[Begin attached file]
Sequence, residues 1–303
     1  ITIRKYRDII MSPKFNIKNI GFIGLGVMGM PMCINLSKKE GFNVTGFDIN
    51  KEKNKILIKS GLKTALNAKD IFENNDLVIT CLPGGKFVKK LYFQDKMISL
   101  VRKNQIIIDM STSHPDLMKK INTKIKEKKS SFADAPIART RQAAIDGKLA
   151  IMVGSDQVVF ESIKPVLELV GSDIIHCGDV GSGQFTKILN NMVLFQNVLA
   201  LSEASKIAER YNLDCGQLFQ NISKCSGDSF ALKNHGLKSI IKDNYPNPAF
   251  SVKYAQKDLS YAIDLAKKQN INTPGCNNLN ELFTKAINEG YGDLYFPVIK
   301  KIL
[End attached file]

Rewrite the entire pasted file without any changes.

Sequence, residues 1–303
     1  ITIRKYRDII MSPKFNIKNI GFIGLGVMGM PMCINLSKKE GFNVTGFDIN
    51  KEKNKILIKS GLKTALNAKD IFENNDLVIT CLPGGKFVKK LYFQDKMISL
   101  VRKNQIIIDM STSHPDLMKK INTKIKEKKS SFADAPIART RQAAIDGKLA
   151  IMVGSDQVVF ESIKPVLELV GSDIIHCGDV GSGQFTKILN NMVLFQNVLA
   201  LSEASKIAER YNLDCGQLFQ NISKCSGDSF ALKNHGLKSI IKDNYPNPAF
   251  SVKYAQKDLS YAIDLAKKQN INTPGCNNLN ELFTKAINEG YGDLYFPVIK
   301  KIL